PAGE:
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Friday, September 22, 2023

Vladimir Putin Refutes Crucial Elements of African Peace Plan for Ukraine

The African leaders were trying to reach an agreement on a number of "confidence-building measures"

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Sadaf Hasan
Sadaf Hasan
Aspiring reporter covering trending topics

RUSSIA: On Saturday, Russian President Vladimir Putin gave African leaders seeking to mediate in the conflict in Ukraine a number of reasons why he believed numerous of their proposals were misguided, dousing a plan that Kyiv had already largely rejected.

The African leaders were trying to reach an agreement on a number of “confidence-building measures” as Kyiv launched a counteroffensive last week to drive Russian forces from the expanses of southern and eastern Ukraine that they control.

After meeting with them on Friday in Kyiv, Ukrainian President Volodymyr Zelenskiy declared that peace negotiations would necessitate Moscow’s withdrawal of its forces from Ukrainian territory that it has claimed is non-negotiable.

Putin emphasised Russia’s commitment to the continent as he began Saturday’s meetings with representatives of Senegal, Egypt, Zambia, Uganda, the Congo Republic, the Comoros, and South Africa in a palace outside of St. Petersburg.

But following presentations by the presidents of Comora, Senegal, and South Africa, he intervened to question the plan’s assumptions, which are based on respect for internationally acknowledged borders, before the round of remarks could continue further.

Putin reaffirmed his position that the crisis was initiated by Ukraine and its Western supporters before Russia put its armed forces across the border in February of last year, which they deny.

He said that the West, not Russia, was to blame for the early-year steep increase in food prices that particularly hurt Africa.

He informed the delegation that the majority of the grain shipments from Black Sea ports in Ukraine that Russia had allowed over the previous year had gone to wealthier nations, noting that this meant that they were not helping Africa’s problems with high food costs. He added that despite Kiev’s efforts to scuttle negotiations, Russia had never rejected the Ukrainian position.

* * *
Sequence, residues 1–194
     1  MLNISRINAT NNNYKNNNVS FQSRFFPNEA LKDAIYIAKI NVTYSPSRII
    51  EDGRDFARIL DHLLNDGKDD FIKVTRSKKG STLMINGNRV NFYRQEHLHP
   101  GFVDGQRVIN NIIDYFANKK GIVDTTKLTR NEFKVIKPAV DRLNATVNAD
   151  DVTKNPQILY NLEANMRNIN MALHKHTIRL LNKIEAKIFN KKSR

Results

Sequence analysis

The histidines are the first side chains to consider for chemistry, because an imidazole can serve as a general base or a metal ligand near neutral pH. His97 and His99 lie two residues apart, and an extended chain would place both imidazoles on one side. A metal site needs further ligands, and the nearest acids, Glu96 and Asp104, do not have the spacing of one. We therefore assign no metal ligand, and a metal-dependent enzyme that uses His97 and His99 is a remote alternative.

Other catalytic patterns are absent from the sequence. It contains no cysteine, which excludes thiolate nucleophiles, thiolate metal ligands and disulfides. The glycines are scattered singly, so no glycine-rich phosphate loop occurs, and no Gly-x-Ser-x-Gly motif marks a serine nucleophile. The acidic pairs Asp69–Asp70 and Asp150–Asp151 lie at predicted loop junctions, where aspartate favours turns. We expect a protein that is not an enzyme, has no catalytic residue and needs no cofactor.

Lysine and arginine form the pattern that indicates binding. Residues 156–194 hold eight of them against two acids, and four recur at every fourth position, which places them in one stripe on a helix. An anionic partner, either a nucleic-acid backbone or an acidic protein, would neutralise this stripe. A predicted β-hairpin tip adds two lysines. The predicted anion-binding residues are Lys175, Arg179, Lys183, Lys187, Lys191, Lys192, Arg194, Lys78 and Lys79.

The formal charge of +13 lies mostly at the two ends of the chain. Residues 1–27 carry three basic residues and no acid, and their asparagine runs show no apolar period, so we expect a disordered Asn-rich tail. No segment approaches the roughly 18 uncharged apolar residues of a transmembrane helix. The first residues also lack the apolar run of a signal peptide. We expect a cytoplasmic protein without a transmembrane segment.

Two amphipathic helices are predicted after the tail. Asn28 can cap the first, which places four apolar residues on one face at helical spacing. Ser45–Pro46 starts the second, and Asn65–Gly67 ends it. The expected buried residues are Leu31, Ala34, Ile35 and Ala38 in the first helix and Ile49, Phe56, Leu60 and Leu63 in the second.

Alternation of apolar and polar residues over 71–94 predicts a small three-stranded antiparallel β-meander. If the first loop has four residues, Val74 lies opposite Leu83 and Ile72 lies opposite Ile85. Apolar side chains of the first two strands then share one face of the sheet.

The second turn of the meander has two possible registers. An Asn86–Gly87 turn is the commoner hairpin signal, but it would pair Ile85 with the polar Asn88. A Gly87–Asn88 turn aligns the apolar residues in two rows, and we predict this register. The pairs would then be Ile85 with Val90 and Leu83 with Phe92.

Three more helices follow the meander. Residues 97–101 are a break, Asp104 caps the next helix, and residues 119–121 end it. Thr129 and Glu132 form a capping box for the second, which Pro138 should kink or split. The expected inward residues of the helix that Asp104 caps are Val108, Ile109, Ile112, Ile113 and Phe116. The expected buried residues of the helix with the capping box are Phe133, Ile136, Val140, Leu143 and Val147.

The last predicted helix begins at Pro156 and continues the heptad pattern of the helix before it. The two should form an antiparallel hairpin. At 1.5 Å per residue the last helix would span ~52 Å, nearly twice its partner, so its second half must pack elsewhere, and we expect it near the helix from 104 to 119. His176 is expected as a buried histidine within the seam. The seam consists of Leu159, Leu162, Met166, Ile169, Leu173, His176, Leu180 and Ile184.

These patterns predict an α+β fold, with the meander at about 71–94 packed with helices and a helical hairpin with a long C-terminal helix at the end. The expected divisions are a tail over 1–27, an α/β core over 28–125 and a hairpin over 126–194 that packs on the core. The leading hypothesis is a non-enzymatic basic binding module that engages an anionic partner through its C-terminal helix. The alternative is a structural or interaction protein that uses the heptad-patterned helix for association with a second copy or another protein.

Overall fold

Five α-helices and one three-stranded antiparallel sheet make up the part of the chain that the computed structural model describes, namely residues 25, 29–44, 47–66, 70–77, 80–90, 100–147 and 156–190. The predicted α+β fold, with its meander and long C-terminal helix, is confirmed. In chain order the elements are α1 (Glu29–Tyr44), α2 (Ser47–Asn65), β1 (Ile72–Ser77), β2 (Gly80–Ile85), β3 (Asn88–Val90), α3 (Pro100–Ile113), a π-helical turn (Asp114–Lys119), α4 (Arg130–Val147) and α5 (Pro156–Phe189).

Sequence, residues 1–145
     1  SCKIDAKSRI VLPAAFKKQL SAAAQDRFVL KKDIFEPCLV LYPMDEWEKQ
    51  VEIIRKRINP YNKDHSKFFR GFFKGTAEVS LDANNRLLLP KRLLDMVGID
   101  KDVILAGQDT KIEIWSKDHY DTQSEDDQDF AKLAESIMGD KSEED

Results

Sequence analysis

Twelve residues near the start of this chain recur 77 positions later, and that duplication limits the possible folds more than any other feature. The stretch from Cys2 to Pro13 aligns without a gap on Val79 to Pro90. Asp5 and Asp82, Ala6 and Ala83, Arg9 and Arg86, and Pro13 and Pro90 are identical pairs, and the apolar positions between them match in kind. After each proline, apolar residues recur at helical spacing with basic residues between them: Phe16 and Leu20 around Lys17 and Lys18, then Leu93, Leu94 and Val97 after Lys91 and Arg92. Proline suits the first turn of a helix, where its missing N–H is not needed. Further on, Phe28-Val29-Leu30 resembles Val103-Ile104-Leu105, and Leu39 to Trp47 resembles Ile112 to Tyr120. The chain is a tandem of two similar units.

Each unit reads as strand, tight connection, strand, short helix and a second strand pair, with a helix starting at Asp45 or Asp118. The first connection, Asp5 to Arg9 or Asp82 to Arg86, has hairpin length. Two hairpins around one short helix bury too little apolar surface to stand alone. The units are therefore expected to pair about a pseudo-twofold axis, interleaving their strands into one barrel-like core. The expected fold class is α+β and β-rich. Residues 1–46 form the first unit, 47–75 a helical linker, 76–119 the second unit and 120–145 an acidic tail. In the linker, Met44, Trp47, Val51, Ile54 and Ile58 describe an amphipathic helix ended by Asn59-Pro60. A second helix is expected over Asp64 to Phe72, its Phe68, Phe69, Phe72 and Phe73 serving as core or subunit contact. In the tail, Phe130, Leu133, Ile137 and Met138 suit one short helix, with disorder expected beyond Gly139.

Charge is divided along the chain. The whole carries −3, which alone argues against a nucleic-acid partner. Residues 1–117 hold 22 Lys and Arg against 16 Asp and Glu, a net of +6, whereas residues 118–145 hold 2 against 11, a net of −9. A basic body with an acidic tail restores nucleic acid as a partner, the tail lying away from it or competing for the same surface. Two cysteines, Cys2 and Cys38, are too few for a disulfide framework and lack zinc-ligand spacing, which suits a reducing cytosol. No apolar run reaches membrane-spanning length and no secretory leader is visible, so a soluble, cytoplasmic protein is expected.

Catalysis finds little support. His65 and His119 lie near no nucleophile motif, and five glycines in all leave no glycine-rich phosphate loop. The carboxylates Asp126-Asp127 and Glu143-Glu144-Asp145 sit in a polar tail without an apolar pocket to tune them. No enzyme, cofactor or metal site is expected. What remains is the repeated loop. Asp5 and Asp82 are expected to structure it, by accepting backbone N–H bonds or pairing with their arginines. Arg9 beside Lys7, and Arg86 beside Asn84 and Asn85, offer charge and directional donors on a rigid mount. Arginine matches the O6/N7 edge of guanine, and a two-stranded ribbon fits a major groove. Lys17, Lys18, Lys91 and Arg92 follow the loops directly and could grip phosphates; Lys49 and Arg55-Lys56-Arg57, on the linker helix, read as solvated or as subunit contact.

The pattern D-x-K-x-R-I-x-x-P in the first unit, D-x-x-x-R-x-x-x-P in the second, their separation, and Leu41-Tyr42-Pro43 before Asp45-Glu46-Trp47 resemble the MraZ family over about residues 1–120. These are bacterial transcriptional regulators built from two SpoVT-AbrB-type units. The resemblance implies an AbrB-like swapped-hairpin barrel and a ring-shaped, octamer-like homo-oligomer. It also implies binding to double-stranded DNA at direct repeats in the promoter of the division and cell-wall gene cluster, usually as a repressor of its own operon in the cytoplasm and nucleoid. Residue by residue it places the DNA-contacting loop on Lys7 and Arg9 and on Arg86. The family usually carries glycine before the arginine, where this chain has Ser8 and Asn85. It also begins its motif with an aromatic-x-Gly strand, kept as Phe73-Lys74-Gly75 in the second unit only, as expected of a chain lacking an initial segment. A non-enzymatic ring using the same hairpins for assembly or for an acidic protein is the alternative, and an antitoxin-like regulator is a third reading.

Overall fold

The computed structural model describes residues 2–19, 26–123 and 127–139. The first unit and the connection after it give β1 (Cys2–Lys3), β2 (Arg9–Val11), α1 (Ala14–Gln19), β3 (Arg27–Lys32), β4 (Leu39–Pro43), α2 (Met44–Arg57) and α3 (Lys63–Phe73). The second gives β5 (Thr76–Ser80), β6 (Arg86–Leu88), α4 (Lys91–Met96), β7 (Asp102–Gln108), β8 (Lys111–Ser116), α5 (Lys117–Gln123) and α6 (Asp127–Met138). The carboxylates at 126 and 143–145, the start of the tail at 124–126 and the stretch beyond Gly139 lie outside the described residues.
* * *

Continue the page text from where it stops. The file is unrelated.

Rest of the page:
However, Moscow has repeatedly insisted that any settlement must take into account “new realities,” which Moscow has defined as its declared annexation of five Ukrainian provinces, four of which it only partially governs. This is unacceptable to Kiev.

Sergei Lavrov, the foreign minister of Russia, stated in broadcast remarks that Moscow agreed with the “main approaches” of the African plan, but Russian news agencies cited Kremlin spokesperson Dmitry Peskov as stating it was “difficult to realise.”

Peskov stated that Putin had expressed interest in the plan, which South African President Cyril Ramaphosa presented with 10 points, and that Russia would keep up communication with the African nations. Lavrov stated that they hadn’t brought any message from Zelenskiy to the Russian leader.

Putin stated that Moscow was “open to constructive dialogue with anyone who wants to establish peace on the principles of fairness and acknowledgement of the legitimate interests of the parties.”

There was no immediate comment on the bilateral discussions that Ramaphosa, who will be hosting a summit in August with Brazil, Russia, India, China, and South Africa, had promised he would have with Putin.

Since the International Criminal Court accused Putin in March on war crimes charges—charges that he denies—South Africa, a member of the court, finds itself in the awkward position of having to detain him if he enters the country.

Also Read: Ukraine War: Russia Claims to Stopped a Significant Ukrainian Attack


  • Sadaf Hasan
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    Aspiring reporter covering trending topics

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